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Are they the future?

Performance

Before we get into this, we need to note that bone conduction isn’t terribly new. It has popped up over the years, and Aftershockz is one of only a handful of companies experimenting with the technology, which allows people to hear music and sound without blocking your ears.

That makes it ideal for running and exercising, or even having background music while you talk to someone, you know, in case you’ve ever felt like you needed a soundtrack to get through a conversation.

Aftershockz has been in this space for quite some time, even, and started out with wired versions of what we see today.

The Bluez 2S are not wired, though, with these a pair of wireless “bonephones” — yes, that is what people call bone-conduction headphones — that send the audio to your head without touching your ears.

Looking at them, you’d never really realise that. We’re not kidding when we say they look like a headband, because they really look like a headband.

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In fact, the Aftershockz Bluez 2S are so headband-like that you even wear them like a headband, slapping them around your head and placing the square sections near your ear, but not on it. These are where the sound will be pounding against your head, knocking on your bone structure and sending audio to your eardrums.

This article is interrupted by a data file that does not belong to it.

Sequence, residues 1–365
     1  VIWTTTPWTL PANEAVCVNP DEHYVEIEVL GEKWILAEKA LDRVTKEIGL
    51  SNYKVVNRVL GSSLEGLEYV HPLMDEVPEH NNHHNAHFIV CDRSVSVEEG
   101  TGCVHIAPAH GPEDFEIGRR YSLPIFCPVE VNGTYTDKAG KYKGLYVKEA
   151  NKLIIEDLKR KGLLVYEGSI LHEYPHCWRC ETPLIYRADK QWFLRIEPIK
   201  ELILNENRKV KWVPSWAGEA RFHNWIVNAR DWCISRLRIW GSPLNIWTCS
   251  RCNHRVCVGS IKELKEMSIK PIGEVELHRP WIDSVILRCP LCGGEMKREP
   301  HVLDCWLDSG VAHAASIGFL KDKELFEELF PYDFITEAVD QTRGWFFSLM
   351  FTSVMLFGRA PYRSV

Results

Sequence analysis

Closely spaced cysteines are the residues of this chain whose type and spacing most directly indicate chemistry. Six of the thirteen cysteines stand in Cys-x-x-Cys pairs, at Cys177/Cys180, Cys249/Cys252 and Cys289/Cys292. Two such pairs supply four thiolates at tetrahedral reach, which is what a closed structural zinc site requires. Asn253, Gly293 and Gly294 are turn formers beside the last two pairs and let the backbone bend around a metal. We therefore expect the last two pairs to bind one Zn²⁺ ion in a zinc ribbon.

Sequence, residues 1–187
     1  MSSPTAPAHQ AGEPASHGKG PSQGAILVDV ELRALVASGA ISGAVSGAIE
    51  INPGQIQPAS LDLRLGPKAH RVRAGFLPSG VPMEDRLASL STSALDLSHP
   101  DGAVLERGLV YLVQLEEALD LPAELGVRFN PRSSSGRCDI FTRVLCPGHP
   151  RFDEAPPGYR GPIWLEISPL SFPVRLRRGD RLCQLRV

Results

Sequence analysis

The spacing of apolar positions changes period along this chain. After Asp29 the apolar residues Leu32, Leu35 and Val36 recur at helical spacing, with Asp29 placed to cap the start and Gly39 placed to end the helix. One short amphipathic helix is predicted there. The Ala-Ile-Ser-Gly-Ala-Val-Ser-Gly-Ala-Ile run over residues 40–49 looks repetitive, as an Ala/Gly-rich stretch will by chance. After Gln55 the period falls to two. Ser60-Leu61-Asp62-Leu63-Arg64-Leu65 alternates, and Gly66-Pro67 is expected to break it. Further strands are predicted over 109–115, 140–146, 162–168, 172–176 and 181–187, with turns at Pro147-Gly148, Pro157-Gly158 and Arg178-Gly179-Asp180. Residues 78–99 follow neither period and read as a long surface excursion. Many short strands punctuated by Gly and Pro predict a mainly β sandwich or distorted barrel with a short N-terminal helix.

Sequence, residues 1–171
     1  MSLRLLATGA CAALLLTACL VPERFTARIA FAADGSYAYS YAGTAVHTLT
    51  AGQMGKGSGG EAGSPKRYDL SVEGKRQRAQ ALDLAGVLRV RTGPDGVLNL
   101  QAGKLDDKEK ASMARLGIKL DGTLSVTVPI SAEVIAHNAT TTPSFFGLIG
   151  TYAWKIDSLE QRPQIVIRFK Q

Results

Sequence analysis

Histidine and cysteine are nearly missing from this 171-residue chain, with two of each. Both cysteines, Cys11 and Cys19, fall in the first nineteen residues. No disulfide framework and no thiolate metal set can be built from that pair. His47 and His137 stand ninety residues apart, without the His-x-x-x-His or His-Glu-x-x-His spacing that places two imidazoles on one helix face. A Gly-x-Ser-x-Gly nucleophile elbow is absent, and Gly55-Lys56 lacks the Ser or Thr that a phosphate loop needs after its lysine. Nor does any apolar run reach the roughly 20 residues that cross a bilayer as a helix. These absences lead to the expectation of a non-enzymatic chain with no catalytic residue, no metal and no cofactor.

One thing to be aware of is that it’s worth trying them on in-store, because if you happen to have a particularly large head, they may not fit terribly well. Ours was fine, but some people in the office couldn’t fit the water small and not remarkably flexible size.

Indeed, this is one pair where one size does not fit all. It will fit most, but certainly not all.

The Bluez 2S are also Bluetooth, so you’ll need to pair them with a phone or tablet, but they do lack support for multiple concurrent devices, so you can only do one at a time. Pairing is easy, however, with a pretty standard “hold the power button until the lights start flicking between blue and red” sending the 2S into pairing mode.

From there, connect your phone or tablet to the headset, and you’re good to go. Provided you’re wearing the headset in way you’re supposed to — not with the square bits on your ears, but instead nearby — you’ll get audio the moment you start playing it.

You only need to remember the locations of a few buttons, with a volume rocker under the right part of the band, just behind that of the port for microUSB charging and the main power button, while a button on the left bone pad can be used to pause and play the music, as well as skip ahead by double tapping.

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